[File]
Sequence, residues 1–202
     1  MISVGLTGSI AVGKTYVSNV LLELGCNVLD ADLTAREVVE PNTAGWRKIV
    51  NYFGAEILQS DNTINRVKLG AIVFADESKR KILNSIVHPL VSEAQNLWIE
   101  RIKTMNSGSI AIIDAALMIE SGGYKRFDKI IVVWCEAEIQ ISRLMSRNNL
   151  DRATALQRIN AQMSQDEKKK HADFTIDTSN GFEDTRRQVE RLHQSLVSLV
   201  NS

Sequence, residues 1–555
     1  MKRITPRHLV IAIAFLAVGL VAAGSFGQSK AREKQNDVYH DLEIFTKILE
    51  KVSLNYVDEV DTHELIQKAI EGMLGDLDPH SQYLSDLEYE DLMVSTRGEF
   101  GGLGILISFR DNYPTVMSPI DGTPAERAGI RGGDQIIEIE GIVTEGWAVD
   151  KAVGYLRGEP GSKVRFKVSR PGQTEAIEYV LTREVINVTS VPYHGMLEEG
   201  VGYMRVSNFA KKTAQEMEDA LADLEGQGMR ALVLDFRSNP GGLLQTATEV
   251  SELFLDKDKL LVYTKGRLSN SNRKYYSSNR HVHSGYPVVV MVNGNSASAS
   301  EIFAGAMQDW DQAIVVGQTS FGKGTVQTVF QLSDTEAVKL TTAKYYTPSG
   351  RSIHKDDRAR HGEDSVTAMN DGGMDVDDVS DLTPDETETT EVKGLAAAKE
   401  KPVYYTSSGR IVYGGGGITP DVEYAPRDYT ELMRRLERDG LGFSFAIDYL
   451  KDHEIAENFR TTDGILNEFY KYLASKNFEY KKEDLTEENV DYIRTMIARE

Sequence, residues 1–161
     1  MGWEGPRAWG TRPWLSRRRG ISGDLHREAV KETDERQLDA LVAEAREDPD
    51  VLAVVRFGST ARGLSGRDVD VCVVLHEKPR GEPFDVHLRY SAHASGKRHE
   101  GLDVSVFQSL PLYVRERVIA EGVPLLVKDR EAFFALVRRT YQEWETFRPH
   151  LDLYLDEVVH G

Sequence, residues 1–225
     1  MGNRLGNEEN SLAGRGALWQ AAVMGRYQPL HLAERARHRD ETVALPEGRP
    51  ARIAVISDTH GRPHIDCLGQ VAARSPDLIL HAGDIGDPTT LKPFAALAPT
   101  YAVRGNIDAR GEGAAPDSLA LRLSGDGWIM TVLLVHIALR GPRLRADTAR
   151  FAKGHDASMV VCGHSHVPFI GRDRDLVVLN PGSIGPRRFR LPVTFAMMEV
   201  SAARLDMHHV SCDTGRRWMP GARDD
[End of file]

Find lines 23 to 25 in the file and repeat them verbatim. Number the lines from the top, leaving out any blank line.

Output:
Sequence, residues 1–225
     1  MGNRLGNEEN SLAGRGALWQ AAVMGRYQPL HLAERARHRD ETVALPEGRP
    51  ARIAVISDTH GRPHIDCLGQ VAARSPDLIL HAGDIGDPTT LKPFAALAPT